Channel Migrants To Be Housed In Military Barracks

The Home Office has been accused of "exceptionally poor communication" over the plans.

Migrants who have crossed the English Channel are to be housed in military barracks while their asylum claims are processed.

Napier Barracks in Folkestone, Kent, will be a temporary home for around 400 people from next week.

It is understood the number will include migrants who crossed into the UK in small boats.

The accommodation is a former Army barracks and is part of the Shorncliffe Training Estate.

The leader of Folkestone and Hythe District Council and the chairman of Sandgate Parish Council have demanded the decision be reversed.

Folkestone and Hythe MP Damian Collins has also said he "cannot support" the decision.

In a joint letter to Home Secretary Priti Patel, they said: "We have great concerns about the impact this large open camp will have on the welfare of the local residential community and also those people in the asylum system who will be placed at the barracks itself."

Folkestone and Hythe District Council has criticised the plan for a "lack of consultation" and "exceptionally poor communication", adding: "We are quite sure that members of the community will have many questions, and we are seeking clarification as a matter of urgency."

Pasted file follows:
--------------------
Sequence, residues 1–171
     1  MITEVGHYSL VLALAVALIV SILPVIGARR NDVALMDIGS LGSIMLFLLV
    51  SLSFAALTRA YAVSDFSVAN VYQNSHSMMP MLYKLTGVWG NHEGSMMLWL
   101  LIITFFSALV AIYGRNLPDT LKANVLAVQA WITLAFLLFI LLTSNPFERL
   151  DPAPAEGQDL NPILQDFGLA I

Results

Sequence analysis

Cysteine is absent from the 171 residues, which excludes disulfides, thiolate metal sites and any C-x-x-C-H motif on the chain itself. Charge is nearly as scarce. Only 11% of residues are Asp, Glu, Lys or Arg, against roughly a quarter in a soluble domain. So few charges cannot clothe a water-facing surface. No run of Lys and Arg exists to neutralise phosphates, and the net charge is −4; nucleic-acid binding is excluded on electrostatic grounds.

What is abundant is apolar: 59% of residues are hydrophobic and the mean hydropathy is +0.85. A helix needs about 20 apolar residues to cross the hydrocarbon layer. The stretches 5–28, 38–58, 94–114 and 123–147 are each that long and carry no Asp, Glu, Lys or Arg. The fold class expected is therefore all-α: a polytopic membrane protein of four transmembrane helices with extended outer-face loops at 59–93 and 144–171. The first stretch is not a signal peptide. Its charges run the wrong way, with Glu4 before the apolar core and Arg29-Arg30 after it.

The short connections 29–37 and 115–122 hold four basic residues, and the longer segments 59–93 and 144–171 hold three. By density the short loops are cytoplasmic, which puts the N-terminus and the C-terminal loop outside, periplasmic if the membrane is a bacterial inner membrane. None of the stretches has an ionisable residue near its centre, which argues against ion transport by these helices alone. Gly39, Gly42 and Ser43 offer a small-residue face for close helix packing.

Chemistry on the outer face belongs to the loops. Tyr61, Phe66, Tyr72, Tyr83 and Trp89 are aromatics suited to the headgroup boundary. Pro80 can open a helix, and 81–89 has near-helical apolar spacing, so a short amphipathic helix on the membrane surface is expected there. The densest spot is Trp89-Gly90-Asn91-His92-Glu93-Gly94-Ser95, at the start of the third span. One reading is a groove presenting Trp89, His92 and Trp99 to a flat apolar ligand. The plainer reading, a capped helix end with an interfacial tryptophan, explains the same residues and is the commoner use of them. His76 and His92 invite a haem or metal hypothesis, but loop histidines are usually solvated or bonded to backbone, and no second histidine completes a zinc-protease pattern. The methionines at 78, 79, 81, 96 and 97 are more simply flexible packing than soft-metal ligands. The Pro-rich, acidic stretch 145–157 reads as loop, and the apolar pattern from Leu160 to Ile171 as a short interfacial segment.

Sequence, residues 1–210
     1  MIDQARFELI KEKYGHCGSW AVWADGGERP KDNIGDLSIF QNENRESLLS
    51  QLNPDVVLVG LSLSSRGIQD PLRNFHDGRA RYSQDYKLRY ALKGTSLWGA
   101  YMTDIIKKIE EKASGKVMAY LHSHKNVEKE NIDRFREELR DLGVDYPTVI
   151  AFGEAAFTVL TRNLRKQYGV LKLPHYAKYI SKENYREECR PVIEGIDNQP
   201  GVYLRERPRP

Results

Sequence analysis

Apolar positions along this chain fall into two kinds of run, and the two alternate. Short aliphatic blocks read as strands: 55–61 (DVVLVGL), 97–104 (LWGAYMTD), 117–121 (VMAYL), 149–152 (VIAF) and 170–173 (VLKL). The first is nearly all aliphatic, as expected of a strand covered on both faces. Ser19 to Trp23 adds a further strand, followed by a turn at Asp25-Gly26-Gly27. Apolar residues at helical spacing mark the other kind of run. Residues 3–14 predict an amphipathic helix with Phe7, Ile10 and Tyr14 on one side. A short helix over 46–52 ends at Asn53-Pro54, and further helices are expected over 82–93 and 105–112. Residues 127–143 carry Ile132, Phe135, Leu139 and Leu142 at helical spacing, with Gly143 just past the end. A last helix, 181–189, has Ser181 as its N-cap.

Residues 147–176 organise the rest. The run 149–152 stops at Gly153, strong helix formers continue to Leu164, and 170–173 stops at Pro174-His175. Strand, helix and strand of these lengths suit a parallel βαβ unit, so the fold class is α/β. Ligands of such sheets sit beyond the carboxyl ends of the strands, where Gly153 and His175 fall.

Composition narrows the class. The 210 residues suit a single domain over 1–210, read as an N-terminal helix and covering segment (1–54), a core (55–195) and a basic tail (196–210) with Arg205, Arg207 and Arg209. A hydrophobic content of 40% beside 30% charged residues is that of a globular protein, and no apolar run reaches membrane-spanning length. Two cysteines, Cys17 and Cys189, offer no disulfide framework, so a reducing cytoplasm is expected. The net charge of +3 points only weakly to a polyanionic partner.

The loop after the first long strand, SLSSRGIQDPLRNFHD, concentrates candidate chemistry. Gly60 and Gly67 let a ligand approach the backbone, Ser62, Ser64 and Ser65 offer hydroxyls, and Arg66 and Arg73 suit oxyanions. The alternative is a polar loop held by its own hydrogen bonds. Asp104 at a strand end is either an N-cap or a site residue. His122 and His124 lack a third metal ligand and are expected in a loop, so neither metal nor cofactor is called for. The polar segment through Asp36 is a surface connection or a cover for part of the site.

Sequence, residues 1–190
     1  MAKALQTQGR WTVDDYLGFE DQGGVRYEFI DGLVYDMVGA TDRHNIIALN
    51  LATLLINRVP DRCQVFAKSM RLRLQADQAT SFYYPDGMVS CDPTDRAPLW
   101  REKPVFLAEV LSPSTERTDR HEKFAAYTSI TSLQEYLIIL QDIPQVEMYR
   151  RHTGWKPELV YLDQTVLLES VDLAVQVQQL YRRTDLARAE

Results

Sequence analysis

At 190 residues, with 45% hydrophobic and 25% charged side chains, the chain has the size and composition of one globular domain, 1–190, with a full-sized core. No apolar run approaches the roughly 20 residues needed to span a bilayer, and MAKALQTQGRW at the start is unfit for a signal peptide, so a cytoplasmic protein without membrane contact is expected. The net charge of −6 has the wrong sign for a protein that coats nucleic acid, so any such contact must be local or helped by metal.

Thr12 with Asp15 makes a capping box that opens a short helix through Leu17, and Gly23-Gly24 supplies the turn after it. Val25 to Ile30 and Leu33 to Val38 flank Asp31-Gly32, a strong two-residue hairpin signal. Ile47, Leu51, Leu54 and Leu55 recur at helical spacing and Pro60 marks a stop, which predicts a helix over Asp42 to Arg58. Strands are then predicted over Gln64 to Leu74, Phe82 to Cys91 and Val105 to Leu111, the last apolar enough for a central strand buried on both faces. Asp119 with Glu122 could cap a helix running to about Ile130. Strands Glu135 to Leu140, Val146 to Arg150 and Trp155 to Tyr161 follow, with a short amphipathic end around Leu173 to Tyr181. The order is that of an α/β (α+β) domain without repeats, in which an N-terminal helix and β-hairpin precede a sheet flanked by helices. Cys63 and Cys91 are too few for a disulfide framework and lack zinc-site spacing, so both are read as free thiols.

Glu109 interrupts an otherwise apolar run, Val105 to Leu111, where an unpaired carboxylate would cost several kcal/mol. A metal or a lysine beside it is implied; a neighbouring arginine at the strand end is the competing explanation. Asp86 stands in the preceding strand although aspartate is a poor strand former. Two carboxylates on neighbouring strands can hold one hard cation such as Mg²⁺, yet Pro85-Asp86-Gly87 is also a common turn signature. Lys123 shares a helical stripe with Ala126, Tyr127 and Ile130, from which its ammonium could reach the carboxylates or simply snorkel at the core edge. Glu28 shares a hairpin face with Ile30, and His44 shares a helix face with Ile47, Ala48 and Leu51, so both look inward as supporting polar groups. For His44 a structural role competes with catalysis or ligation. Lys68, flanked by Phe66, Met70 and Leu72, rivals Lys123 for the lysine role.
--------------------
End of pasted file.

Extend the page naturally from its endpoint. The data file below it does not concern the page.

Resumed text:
Another barracks, at Penally Camp in Pembrokeshire, Wales, is also being considered for use by the Home Office.

The news comes after at least 168 people crossed to the UK on small boats on Monday.

Earlier this month, a Watchkeeper drone was deployed to monitor migrant crossings in the English Channel (Picture: MOD).

A Government spokesperson said it is working with its partners and a number of departments to "secure further accommodation", adding the Ministry of Defence (MOD) has offered "use of some of its sites".

The spokesperson also said the Government tries to ensure "vulnerable asylum seekers, who would otherwise be destitute, have suitable accommodation while their claims are processed".

Any training at the two sites will be relocated to alternative sites or rescheduled, so there will no military personnel on site if and when they are used by the Home Office, according to the PA news agency.

Meanwhile, immigration minister Chris Philp announced that 14 people who had crossed the Channel to Britain had been deported on Tuesday.

He said on Twitter that they had been removed to European countries following "last minute vexatious legal claims".

It comes after a Watchkeeper drone, previously used in Afghanistan, carried out its first reconnaissance sortie of the English Channel after being deployed to monitor migrant boats.

An RAF Atlas has also recently been deployed to support Border Force operations in the Channel.

Cover image: Napier Barracks in Folkestone, Kent, where migrants will be housed while their asylum claims are processed (Picture: PA).